Lewis Hamilton cantered to victory at the Spanish Grand Prix, his 88th win in all and one of the most crushing.
The world champion started on pole and led every lap. The only two possible concerns were the threat of tyre wear in the 30C heat and rain contained in the clouds that glowered over the Circuit de Catalunya. Neither impediment materialised and Hamilton, managing his rubber expertly, led unbroken all afternoon.
The win extended his championship advantage to 37 points and took him within three victories of Michael Schumacher’s record of 91. He can reach that summit in Mugello on September 13 – the occasion of Ferrari’s 1,000th grand prix.
Actually, this was a pretty tedious race from the moment Hamilton got cleanly away. He controlled the pace to preserve his tyres while still being able to keep Red Bull’s Max Verstappen in second.
Verstappen had pushed himself up a place at the start after lining up third on the grid.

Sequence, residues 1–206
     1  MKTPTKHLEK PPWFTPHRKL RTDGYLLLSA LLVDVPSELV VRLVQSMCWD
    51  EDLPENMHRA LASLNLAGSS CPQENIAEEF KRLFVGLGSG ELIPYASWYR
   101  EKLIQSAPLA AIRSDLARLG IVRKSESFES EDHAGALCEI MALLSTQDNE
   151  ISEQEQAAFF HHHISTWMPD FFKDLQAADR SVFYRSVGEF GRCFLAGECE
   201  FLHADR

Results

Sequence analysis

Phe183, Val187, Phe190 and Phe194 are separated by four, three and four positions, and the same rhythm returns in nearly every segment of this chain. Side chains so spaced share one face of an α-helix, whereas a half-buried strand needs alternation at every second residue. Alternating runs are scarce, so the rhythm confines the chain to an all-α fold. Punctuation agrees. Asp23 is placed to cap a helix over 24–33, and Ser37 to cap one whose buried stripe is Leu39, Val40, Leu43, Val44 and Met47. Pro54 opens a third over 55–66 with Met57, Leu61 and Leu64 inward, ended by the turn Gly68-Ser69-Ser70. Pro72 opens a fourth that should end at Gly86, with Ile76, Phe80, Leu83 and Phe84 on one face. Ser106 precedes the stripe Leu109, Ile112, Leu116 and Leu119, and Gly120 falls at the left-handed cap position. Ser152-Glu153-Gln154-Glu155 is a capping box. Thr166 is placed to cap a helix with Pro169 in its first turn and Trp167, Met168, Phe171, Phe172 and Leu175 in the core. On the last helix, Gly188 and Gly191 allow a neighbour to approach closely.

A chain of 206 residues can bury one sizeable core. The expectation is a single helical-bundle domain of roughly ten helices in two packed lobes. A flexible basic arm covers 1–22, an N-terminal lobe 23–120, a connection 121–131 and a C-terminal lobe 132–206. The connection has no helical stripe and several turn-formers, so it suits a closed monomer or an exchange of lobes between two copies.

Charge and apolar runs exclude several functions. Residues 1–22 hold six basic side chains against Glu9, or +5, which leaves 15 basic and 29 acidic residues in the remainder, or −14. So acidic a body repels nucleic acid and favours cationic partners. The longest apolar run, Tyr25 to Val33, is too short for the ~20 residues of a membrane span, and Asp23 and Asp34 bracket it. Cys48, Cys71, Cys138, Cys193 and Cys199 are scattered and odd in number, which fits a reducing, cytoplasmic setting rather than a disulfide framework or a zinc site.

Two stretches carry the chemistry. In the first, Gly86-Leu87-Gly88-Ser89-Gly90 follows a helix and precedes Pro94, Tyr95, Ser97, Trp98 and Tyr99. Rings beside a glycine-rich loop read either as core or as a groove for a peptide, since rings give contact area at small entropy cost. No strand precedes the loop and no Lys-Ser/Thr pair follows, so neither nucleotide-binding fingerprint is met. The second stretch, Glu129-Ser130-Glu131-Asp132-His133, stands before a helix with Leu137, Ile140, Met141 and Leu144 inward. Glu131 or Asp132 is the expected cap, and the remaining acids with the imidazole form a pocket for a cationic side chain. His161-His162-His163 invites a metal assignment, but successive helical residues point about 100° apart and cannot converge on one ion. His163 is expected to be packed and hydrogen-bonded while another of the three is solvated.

Valtteri Bottas, who started second, made a timid beginning, braking early and going back to fourth. Five laps later, he passed Racing Post’s Lance Stroll to climb into third place, where he finished.
Hamilton had the minor irritation of a slow first stop, 4.3sec, as the left rear went on sluggishly.
There were warnings of rain, predicted by Ferrari for arrival after lap 50 of 66. There was talk of thunderstorms. Heavens, the race needed it.
There was some decent midfield action with Charles Leclerc trying to thread his Ferrari past Lando Norris’ McLaren. It was fair but tough. Norris defended well. Leclerc stayed on him like a rash. But moments later, the Monegasque’s engine briefly cut out, he spun off and retired from the race.
Not a great day for Ferrari: Leclerc out and Vettel seventh.
Verstappen, who won at Silverstone a week ago in the 70th Anniversary Grand Prix, simply did not have enough poke at his disposal to make a fight of it here. He grew exasperated, saying over the radio: ‘How about we just focus on our race first instead of looking to Lewis? Clearly on the soft tyre we were not as fast as them. So let’s do our job, and let them do their job.’
The reply: ‘Keep your head down, Max, please.’
He did, but it made no difference. Hamilton, in a car in a class of its own, was long gone to finish more than 24 seconds ahead.
Lance Stroll was fourth for Racing Point but more than a lap back. That said it all.